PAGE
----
TDSR 9.1 Fall 1997

HUNGARIAN FOLK TRADITIONS THAT DISPLACED MODERNISM: FARMHOUSE ROOFS, CHAIR BACKS, AND GRAVE MARKERS AS ‘PURE SOURCES’
Jeffrey Cook

URBANIZING FOREST AND VILLAGE TREES IN HONG KONG’S SHA TIN VALLEY, 1976-1997
Jeffrey W. Cody and James R. Richardson

POLITICAL SPACE: THE ARCHITECTURE OF SQUATTER SETTLEMENTS IN SÃO PAULO, BRAZIL
Bethany Opalach

 

 

 


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Volume 9.1

HUNGARIAN FOLK TRADITIONS THAT DISPLACED MODERNISM: FARMHOUSE ROOFS, CHAIR BACKS, AND GRAVE MARKERS AS ‘PURE SOURCES’
Jeffrey Cook

International architectural modernism has come under increasing attack because of its global anonymity. In contemporary Hungary this has taken the form of a movement its proponents call Organic, or Living Architecture. There were many influences on the development of the movement, including the freedom inspired by American architects such as Frank Lloyd Wright and Bruce Goff. But, in Russian-occupied Communist Hungary, the 1973 manifesto “Only From Pure Sources” was perhaps most important in raising the issue of loss of architectural heritage and the need for “creating harmony in new works, with the old, with the region, with nature, with man, and with human settlement.” Farmhouse roofs, chair backs, and grave markers were elements of traditional Hungarian folk culture that were closely studied by the authors of this controversial manifesto. This article examines how the rediscovery of such sources strongly influenced the invention of a native architectural alternative to modernism in Hungary. Before the exit of the last Russian soldier from the country in 1991 this alternative had already led to the construction of hundreds of new, tradition-based buildings.

 URBANIZING FOREST AND VILLAGE TREES IN HONG KONG’S SHA TIN VALLEY, 1976-1997
Jeffrey W. Cody and James R. Richardson

Hong Kong is searching for ways to mediate between the pull of tradition and the push of development. This article provides a perspective to understand the historic relationships between Hong Kong’s need to accommodate explosive growth, traditional villages, the colonial government’s regulatory context for village redevelopment, and recent debates about village transformation in post-colonial Hong Kong. The focus is on the architectural and planning context for Sha Tin New Town, a major development project undertaken by the Hong Kong government in the late 1970s, and on the salient policy shifts related to village conservation and redevelopment in the Sha Tin Valley in the past twenty years. The article concludes with recommendations for future village conservation, development and renewal policies and it outlines a framework within which to make policy choices.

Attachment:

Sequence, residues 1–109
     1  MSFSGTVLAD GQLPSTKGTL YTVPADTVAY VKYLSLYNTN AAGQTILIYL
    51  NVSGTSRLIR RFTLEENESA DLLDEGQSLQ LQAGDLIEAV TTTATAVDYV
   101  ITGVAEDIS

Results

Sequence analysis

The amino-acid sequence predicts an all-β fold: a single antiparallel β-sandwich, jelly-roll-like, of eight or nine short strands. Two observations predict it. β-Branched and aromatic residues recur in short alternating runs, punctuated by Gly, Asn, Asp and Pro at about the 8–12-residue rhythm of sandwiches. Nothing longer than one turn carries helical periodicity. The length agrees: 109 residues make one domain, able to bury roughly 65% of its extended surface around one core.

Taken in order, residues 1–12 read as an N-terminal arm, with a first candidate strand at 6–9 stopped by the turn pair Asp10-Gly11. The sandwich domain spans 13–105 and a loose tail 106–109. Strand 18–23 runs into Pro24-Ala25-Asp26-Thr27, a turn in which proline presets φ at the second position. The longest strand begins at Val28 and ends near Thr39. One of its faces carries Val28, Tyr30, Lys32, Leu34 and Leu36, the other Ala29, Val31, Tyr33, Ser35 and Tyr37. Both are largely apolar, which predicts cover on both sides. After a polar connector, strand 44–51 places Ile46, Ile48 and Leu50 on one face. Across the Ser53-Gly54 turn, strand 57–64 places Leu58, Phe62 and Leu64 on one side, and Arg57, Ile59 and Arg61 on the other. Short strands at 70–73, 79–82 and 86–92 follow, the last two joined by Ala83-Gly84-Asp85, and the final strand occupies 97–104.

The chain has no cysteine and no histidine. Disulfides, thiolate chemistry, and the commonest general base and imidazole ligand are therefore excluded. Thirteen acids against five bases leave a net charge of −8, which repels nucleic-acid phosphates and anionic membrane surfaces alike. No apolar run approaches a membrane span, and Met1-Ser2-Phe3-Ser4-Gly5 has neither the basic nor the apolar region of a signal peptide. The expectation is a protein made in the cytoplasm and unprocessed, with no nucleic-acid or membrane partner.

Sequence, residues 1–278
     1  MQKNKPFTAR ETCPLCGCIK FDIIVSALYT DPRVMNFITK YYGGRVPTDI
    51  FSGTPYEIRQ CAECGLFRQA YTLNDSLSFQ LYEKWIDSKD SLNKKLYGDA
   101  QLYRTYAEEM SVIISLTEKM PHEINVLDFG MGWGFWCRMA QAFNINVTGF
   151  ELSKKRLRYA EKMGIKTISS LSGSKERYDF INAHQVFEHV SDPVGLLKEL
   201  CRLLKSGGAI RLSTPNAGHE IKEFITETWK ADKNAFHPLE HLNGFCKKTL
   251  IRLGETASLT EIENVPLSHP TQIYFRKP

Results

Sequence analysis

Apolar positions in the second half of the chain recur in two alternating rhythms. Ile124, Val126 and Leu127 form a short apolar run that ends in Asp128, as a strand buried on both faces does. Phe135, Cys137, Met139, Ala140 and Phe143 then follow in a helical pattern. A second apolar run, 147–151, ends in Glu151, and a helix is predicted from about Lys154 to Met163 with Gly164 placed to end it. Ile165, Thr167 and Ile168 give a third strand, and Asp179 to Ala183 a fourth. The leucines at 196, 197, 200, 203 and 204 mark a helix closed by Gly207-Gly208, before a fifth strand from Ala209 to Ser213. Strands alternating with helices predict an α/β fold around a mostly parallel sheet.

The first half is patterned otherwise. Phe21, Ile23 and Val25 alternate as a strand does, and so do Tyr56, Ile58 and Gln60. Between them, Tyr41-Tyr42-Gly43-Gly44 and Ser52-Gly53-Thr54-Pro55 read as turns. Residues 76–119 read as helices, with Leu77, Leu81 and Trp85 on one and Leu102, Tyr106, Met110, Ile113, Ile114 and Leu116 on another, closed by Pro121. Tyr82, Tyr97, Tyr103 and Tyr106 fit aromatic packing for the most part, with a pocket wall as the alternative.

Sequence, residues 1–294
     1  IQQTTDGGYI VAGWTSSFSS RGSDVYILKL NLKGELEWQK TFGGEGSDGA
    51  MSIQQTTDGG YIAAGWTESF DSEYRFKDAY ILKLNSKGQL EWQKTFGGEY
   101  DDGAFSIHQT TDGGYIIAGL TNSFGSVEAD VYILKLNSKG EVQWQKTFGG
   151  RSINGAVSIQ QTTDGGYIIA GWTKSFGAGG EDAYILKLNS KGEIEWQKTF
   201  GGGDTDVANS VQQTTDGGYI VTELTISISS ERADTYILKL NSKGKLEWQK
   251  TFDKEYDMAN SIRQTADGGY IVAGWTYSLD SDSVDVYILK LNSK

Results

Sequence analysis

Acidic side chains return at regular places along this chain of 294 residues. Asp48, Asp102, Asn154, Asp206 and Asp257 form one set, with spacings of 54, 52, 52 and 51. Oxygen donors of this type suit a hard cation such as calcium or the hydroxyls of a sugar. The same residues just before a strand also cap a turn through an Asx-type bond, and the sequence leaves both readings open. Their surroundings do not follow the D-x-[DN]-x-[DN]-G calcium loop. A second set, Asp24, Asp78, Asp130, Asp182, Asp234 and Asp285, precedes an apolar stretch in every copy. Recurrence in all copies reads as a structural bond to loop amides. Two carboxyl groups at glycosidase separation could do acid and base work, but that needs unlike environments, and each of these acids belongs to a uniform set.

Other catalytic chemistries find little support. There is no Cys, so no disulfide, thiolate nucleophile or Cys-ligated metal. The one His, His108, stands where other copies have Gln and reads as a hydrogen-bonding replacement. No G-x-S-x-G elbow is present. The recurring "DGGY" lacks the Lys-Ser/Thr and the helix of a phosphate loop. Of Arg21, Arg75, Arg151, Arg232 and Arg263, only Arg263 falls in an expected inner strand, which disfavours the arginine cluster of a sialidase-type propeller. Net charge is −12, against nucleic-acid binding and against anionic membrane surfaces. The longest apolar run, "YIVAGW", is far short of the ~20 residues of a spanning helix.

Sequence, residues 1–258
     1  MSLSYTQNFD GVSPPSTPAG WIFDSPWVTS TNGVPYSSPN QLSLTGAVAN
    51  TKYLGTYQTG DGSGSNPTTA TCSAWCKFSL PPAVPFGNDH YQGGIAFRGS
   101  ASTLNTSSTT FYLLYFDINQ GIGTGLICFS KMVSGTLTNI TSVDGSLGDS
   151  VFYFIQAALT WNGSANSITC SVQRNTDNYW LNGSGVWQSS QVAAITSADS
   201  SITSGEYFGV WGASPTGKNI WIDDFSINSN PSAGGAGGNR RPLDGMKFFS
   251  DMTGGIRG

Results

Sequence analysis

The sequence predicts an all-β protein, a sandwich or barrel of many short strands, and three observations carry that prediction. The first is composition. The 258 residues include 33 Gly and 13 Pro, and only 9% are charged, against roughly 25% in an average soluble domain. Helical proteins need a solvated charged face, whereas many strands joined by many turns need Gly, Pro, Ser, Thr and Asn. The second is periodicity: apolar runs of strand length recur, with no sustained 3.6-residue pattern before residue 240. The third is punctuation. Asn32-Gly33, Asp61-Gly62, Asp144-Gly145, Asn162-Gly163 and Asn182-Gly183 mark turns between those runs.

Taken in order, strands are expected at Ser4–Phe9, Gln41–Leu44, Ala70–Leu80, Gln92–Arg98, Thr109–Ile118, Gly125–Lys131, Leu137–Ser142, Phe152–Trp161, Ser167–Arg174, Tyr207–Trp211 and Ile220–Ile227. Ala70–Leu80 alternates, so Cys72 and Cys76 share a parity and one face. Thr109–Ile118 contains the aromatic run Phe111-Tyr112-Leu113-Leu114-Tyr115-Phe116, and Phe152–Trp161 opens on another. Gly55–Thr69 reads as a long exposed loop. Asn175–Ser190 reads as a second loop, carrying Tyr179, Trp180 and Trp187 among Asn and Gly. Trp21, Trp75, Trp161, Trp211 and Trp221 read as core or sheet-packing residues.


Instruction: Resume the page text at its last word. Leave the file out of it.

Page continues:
POLITICAL SPACE: THE ARCHITECTURE OF SQUATTER SETTLEMENTS IN SÃO PAULO, BRAZIL
Bethany Opalach

Spontaneous urban settlements are no longer seen as separate from the workings of the city, nation or world. There is a considerable body of research on residents’ contributions to the formal sector of the economy and their demands for recognition as urban citizens. However, until very recently, the built form of these settlements has been treated in the literature as distinct and different from established scholarly categories of the built environment, and typically has not been seen as worthy of careful documentation and analysis. Building on vernacular-environment theory, researchers have recently established a multidimensional framework for analysis of spontaneous settlements that emphasizes the importance of structural constraints to the built form of the dwelling and the settlement. This article analyzes and compares the built form of three physically mature squatter settlements in São Paulo, focusing specifically on the local contexts that define and constrain the physical development of these settlements. It shows how various municipal interventions are reflected in built form, highlighting the cases where, in spite of differences in context, aspects of built form remain constant across the research sites.

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